Ethanol production in the United States may be contributing to deforestation in the Brazilian rainforest said a leading expert on the Amazon.
Dr. Daniel Nepstad of the Woods Hole Research Center said the growing demand for corn ethanol means that more corn and less soy is being planted in the United States. Brazil, the world's largest producer of soybeans, is more than making up for shortfall, by clearing new land for soy cultivation. While only a fraction of this cultivation currently occurs in the Amazon rainforest, production in neighboring areas like the cerrado grassland helps drive deforestation by displacing small farmers and cattle producers, who then clear rainforest land for subsistence agriculture and pasture.
...The rapid expansion of soybean cultivation in the Amazon carriers other risks as well, according to research published last month in Geophysical Research Letters. Using experimental plots in the Amazon, a team of scientists led by Marcos Costa from the Federal University of Viçosa in Brazil found that clearing for soybeans increases the reflectivity or albedo of land, reducing rainfall by as much as four times relative to clearing for pasture land.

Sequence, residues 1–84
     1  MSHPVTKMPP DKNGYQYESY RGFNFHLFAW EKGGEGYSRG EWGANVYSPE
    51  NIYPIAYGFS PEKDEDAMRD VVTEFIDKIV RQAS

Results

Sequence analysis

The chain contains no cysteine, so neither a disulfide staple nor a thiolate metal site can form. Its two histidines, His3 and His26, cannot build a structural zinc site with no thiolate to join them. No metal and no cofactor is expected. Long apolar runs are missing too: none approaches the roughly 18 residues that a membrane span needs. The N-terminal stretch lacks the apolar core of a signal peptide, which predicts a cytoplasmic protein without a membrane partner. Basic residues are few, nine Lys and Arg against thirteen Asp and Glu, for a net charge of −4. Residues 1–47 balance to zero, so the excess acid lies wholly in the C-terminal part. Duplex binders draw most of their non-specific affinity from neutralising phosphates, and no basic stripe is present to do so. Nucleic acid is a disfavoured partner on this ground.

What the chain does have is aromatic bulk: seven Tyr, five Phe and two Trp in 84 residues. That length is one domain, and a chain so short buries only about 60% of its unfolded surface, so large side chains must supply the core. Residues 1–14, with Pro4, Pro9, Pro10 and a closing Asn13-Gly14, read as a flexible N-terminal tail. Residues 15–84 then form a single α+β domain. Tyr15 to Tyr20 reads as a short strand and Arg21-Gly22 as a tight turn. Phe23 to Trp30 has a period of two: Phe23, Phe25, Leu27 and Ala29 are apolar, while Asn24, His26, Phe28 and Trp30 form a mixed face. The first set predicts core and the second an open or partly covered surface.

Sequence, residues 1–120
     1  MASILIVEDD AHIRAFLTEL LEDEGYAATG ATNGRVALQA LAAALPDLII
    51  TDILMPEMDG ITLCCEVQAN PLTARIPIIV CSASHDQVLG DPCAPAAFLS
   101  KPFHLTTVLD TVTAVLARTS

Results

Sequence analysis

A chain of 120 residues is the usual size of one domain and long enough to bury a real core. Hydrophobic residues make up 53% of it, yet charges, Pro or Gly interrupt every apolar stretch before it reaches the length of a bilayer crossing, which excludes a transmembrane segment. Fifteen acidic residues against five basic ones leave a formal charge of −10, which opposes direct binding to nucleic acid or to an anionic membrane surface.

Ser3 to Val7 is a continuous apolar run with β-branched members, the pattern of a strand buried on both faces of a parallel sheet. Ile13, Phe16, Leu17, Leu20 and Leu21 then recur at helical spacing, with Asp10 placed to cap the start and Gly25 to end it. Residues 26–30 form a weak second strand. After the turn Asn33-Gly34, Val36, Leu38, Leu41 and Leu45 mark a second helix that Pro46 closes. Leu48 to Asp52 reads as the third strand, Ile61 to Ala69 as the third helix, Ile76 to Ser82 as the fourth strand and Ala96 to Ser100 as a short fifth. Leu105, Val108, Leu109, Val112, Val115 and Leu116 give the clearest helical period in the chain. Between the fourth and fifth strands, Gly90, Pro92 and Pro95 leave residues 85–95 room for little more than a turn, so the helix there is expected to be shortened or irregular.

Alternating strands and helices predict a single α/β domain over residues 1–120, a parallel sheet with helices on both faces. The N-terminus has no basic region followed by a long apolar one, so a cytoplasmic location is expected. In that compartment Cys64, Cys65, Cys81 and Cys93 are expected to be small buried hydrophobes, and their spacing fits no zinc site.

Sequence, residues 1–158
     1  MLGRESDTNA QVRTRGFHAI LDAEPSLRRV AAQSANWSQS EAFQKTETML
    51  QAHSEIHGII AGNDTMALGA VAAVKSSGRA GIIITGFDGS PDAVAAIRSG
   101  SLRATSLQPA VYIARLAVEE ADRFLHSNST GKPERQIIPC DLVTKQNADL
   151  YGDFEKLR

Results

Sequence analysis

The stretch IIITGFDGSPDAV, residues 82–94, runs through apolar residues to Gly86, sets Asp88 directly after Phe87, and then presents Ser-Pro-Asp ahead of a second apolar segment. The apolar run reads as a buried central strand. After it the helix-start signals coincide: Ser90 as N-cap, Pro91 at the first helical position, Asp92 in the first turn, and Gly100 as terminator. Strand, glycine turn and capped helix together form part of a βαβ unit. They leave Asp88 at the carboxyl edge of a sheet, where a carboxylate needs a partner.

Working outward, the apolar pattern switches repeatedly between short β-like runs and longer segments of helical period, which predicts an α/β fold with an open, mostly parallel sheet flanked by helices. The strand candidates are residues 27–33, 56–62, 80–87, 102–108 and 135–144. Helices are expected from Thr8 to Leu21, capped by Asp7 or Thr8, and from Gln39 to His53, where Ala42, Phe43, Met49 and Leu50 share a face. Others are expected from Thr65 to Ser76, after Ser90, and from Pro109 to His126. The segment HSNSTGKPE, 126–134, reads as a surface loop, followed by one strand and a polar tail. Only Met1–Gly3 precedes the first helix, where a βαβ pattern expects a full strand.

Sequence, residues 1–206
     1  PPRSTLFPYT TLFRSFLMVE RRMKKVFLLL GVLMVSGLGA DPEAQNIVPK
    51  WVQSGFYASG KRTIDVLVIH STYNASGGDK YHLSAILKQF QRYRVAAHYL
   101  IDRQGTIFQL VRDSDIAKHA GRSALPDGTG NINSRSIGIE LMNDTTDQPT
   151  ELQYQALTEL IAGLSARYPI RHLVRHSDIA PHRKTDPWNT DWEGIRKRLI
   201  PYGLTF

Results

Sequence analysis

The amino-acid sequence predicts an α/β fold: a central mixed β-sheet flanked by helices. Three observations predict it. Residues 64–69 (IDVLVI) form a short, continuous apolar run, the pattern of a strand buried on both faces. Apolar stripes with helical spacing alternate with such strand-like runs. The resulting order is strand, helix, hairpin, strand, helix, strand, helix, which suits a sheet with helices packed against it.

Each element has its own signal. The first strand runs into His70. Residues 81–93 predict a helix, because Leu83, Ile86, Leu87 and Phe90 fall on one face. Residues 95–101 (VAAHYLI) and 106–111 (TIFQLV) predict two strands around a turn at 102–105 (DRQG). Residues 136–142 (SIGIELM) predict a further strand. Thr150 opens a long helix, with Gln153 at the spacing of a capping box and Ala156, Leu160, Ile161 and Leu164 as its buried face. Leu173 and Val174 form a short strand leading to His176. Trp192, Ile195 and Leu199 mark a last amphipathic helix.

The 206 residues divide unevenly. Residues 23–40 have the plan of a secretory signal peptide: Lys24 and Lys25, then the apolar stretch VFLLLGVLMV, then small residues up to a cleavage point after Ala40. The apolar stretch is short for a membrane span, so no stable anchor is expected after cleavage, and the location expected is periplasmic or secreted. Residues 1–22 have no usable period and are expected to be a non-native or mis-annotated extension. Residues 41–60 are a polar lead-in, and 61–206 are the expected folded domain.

Sydney: Environmental groups have been highly critical of sugar-cane ethanol production in Brazil, claiming that it contributes to deforestation. The sugar-cane industry may deflated this claim by producing maps that show that sugar-cane is being produced elsewhere (see article below Steve's excerpt).
Last edited on Mon Jul 5th, 2010 10:05 pm by sydneyst